I have been in a major thriller mood lately, which is summah time typical for me. I kicked last summer off with Gone Girl and I don’t think I have fully recovered from the first big WTF?! holler my deaf neighbor heard without a doubt. Kiss Me First was too tempting because the premise was believable. Leila, a social outcast with no friends or family, is hired to impersonate wild party girl Tess online so she can quietly end her life without her friends and family having to grieve her. So basically… it’s one really epic CATFISH SCAM and those fascinate me like it’s my own business. The plot details are well thought out, it isn’t too holey, and that is always a good marker for a thriller. It’s a fun inbetweener book if you need a palate cleanser.
Verdict: Borrow. While it was very entertaining, I’m afraid my copy would be donated in a few years during a library purge. Maybe I was immune to the shock factor because I am a die hard Catfish fan, and it’s hard to surprise me now.
Childhood best friends Sarah and Jennifer are completely nutty when it comes to being safe. They write a “Never List” of things they will NEVER DO NEVER EVER EVER like “no bright light” “never get it wet” “never ever feed it after midnight” and “never get in the car with a stranger.” Of course, girls be cray and they got in the car with a stranger EVEN THOUGH THEY SAID THEY NEVER WOULD NEVER EVER EVER. He kept them locked in a cellar for years, tortured them (and two other girls), killed Jennifer, they escaped, and Mr. ItRubsTheLotionOnItsSkinOrElseGetsTheHoseAgain went to prison. But oh snap, y’all. They never found Jennifer’s body and couldn’t get Mr. Lotion for murder, so he’s up for parole. Sarah takes it upon herself to find out what happened to Jennifer, but she has to overcome her fear of people and reconnect with the two other girls from the basement to solve the puzzle.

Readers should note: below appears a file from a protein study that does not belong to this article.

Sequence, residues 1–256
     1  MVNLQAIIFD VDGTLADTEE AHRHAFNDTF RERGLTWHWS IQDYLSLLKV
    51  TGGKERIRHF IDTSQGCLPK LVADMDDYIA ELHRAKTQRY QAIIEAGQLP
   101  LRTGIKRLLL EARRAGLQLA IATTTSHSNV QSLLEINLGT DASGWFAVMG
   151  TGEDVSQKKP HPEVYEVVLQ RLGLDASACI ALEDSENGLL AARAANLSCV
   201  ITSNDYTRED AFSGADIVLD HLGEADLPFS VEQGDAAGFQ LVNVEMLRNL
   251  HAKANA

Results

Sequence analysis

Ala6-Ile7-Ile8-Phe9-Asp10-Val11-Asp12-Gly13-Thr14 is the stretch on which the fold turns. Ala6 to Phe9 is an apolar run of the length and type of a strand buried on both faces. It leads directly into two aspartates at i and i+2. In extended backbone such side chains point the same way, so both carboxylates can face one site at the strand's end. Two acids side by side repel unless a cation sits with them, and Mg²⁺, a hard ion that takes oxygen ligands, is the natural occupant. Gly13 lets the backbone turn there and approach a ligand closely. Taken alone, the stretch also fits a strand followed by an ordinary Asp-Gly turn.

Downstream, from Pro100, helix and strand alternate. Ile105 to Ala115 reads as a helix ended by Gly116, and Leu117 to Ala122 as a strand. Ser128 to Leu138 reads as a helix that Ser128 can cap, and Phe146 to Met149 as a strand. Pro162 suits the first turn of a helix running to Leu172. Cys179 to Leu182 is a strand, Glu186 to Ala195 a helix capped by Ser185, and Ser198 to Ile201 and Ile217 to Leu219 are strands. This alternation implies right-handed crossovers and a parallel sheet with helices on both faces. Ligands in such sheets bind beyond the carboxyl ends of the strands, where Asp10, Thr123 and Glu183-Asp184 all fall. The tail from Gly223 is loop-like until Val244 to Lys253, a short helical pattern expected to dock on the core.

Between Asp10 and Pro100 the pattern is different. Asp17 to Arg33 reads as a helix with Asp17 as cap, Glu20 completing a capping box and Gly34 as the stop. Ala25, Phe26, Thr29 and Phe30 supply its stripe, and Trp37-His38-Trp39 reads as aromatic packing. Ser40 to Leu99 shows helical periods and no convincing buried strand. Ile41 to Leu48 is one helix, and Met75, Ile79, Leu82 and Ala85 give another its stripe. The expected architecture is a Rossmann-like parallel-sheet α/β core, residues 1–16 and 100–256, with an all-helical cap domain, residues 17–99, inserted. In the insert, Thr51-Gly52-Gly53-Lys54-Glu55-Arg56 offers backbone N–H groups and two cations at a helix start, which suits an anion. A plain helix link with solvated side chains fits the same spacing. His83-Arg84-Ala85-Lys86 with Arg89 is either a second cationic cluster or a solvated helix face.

Verdict: Buy. Oh, and if you put it down and can’t find it later, CHECK THE FREEZER. You probably stuck it in there because you were CREEPED THE EFF OUT.
Switching gears, Love, Dishonor, Marry, Die, Cherish, Perish was completed shortly before David Rakoff’s death in August of 2012. If you’re not familiar with David, he was a frequent contributor to This American Life on NPR. He and David Sedaris were friends, and his essays are also TOO FUNNY! This book is short (113 pages) and is written in, wait for it… VERSE FORM! It’s a big giant satirical poem that spans the 20th Century. The characters lives are linked together by acts of cruelty or generosity, and it has super fun illustrations by Seth. Chip Kidd did an incredible job with the book’s design. The book is beautiful inside and out, and it is such a shame that Rakoff never got to see it. I’ll admit it isn’t a book for everyone, but it sure was for me.
Verdict: BUY THE PRINT VERSION. It’s worth it for the magnificence of the book itself. This is one of those I don’t think can possibly translate well in digital format.
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